After Germany occupied Poland on 1 September 1939 underground movements began their protracted war of resistance against the occupying forces and their administration. Resistance was often symbolised by culturally coded signs and symbols in the form of graffiti, shrines and other public displays like Kotwica (anchor) which carried ethnic and religious meaning while other symbols like the image of a turtle had the practical purpose of organising work go slows and resistance also promoted Polish culture and nationalism against the occupying forces of the Third Reich.
Resistance was also symbolised by the creation of small shrines where Nazi executions and other atrocities had taken place.
The White Eagle Resistance movement, a symbol of the Polish nation, had a large following and one of their early acts of aggressive resistance was the attack on a German police station in German occupied Bochnia, a town on the river Raba in southern Poland. Two of the members who took part in the attack, Jaroslav Zrzyszowski and Fryderyk Piatkowski were arrested by German forces and publicly hanged from lampposts.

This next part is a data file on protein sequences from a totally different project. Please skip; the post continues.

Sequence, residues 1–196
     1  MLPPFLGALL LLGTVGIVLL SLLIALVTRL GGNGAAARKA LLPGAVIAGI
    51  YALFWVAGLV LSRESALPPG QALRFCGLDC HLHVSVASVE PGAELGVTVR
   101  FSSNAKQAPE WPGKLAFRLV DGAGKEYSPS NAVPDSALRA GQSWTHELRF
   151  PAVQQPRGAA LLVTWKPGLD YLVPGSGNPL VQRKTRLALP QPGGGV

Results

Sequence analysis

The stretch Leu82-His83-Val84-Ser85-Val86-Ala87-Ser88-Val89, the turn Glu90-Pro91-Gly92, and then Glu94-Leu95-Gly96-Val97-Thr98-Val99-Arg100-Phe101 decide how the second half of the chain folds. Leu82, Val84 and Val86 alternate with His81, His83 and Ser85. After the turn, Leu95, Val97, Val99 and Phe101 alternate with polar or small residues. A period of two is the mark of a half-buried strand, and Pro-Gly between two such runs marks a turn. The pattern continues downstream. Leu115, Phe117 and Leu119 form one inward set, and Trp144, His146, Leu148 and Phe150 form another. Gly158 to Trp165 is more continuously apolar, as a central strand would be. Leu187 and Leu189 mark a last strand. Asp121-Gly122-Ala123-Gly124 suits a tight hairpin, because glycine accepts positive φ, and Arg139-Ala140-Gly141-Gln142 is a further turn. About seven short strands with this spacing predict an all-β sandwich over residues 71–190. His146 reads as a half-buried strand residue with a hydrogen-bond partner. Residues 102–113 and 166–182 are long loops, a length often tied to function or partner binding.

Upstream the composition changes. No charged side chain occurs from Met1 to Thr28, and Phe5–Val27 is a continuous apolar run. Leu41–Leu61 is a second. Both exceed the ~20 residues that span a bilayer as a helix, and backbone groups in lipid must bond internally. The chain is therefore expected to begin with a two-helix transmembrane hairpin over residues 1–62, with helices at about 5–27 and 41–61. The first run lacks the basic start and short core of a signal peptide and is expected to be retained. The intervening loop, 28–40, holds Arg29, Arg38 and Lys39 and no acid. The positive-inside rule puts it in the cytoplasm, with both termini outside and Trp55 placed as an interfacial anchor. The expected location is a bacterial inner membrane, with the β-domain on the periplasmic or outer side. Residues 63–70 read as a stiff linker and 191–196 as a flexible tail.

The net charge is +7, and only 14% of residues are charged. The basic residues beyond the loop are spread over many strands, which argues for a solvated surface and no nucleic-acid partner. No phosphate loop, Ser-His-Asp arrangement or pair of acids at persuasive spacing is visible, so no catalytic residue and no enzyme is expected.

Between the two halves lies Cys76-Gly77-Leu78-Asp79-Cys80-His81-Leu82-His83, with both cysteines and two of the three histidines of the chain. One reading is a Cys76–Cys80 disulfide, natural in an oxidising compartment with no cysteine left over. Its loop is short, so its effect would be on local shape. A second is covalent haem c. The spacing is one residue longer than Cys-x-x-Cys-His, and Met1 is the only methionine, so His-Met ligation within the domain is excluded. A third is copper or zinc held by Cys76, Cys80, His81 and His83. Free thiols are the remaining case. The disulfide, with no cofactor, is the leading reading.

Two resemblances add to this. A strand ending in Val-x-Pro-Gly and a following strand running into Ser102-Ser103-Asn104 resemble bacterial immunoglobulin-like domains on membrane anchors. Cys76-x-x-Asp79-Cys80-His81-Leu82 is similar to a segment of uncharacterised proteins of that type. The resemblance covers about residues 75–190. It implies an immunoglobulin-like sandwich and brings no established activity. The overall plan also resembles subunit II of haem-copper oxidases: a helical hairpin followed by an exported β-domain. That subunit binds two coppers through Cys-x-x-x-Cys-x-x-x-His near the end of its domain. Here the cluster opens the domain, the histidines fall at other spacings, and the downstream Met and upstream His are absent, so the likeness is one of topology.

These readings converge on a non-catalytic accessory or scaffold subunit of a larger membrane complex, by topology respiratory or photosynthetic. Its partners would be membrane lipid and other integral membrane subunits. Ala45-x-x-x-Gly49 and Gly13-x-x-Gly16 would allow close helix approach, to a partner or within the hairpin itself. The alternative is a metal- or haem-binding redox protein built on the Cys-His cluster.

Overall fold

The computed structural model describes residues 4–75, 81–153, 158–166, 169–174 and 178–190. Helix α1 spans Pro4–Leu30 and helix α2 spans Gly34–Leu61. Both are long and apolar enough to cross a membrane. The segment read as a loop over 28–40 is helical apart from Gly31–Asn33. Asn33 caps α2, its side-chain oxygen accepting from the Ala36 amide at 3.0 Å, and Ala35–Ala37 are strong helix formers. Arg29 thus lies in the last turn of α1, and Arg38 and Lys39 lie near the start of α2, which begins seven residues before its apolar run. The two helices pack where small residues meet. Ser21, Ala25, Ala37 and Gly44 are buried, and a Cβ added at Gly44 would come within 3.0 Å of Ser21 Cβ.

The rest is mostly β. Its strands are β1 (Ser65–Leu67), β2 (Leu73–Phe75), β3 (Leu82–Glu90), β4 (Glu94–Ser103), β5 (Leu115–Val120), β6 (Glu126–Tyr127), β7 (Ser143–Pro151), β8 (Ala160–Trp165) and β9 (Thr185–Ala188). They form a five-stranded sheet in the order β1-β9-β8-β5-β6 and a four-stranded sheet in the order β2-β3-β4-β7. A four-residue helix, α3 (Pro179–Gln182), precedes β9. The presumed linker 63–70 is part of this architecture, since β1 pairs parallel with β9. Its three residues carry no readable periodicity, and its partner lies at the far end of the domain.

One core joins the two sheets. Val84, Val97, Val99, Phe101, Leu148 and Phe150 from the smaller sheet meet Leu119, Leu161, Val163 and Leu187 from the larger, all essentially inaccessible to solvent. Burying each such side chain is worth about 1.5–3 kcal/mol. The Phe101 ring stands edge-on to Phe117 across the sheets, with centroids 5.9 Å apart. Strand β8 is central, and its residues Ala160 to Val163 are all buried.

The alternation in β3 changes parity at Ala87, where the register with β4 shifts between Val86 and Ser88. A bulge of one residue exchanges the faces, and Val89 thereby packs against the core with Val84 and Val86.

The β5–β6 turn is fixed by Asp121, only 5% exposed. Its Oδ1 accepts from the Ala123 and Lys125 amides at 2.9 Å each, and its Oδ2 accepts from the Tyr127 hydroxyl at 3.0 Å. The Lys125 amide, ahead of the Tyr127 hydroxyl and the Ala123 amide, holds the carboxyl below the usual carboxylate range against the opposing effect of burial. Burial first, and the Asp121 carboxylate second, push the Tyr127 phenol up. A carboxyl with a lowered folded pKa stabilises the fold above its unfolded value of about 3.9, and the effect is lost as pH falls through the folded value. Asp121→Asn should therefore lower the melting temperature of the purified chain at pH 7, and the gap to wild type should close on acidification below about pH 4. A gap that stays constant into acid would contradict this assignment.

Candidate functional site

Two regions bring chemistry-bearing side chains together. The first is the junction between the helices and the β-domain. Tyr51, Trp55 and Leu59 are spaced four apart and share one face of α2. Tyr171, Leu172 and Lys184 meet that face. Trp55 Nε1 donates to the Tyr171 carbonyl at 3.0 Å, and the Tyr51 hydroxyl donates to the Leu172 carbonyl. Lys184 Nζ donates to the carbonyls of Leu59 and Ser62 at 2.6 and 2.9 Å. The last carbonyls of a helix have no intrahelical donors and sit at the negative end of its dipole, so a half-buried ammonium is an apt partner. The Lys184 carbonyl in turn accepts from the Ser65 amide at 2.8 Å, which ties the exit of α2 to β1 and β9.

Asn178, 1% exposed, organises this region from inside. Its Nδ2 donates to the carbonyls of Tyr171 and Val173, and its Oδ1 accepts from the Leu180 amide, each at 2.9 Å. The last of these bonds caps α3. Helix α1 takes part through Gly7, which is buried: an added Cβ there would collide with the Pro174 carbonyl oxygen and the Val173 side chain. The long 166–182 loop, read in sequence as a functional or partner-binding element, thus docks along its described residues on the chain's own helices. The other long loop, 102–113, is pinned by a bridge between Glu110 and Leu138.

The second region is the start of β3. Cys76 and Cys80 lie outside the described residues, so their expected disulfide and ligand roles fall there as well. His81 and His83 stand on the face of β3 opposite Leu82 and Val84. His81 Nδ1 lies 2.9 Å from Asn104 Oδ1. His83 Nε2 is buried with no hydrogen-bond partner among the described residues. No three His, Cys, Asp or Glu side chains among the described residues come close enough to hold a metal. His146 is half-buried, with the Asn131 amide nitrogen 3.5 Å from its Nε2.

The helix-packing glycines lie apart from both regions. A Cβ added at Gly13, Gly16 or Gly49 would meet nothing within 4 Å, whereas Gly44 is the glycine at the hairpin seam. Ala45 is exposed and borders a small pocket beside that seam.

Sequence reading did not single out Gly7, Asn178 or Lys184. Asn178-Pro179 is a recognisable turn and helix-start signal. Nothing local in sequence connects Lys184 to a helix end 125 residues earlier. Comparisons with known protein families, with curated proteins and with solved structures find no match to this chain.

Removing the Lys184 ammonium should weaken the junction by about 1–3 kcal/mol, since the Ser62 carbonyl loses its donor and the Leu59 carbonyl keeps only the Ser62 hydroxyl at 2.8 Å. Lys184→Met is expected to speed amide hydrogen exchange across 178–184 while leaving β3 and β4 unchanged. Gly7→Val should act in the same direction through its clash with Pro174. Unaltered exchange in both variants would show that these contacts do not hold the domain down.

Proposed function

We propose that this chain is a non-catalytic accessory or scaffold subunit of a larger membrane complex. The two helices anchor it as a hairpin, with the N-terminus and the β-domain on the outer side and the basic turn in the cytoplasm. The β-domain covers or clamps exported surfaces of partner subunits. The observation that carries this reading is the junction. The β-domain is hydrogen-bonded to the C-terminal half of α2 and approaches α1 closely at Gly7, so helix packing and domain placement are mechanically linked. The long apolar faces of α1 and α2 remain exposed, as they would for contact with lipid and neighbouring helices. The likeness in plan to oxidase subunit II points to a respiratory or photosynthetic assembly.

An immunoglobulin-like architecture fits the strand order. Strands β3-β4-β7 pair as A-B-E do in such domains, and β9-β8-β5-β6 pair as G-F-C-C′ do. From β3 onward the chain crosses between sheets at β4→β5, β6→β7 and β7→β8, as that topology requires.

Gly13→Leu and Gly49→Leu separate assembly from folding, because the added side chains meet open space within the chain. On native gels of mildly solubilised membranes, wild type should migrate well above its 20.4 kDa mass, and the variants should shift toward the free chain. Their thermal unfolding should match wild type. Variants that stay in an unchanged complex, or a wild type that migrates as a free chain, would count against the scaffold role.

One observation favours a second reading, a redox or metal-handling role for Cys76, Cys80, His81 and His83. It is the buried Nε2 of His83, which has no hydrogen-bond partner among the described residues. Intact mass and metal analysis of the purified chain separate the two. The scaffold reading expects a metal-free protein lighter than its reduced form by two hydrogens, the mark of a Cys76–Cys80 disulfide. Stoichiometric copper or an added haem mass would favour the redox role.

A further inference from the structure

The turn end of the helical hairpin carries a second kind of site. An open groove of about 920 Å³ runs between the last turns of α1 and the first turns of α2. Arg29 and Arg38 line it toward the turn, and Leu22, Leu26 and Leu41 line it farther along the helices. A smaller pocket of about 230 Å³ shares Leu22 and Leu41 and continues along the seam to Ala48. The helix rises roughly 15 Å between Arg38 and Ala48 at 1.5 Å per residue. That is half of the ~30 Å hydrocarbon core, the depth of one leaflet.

Otto Wachter SS
Four days later a German reprisal for the attack, said to have been managed by Major Albrecht and supervised by Governor Otto Wachter, resulted in 50 men thought to have no connections with the resistance being picked at random and forced to walk along Casimir Street to Uzbornia Hill whilst Jews were forced to dig a ditch to be used as a mass grave.
After reaching the site of the execution the men were shot by a twelve-man German firing squad after which each man was shot again through the head by a German officer to ensure they were dead. Kazyzhowski and Piatkowski were then cut down from the lampposts where their bodies had been on public display as a deterrent for four days and thrown into the mass grave before Jews were forced to bury the dead.
After the war Otto Wachter escaped from the allies with the assistance of pro-Nazi, Bishop Alois Hudal and died in 1949 from a kidney related illness.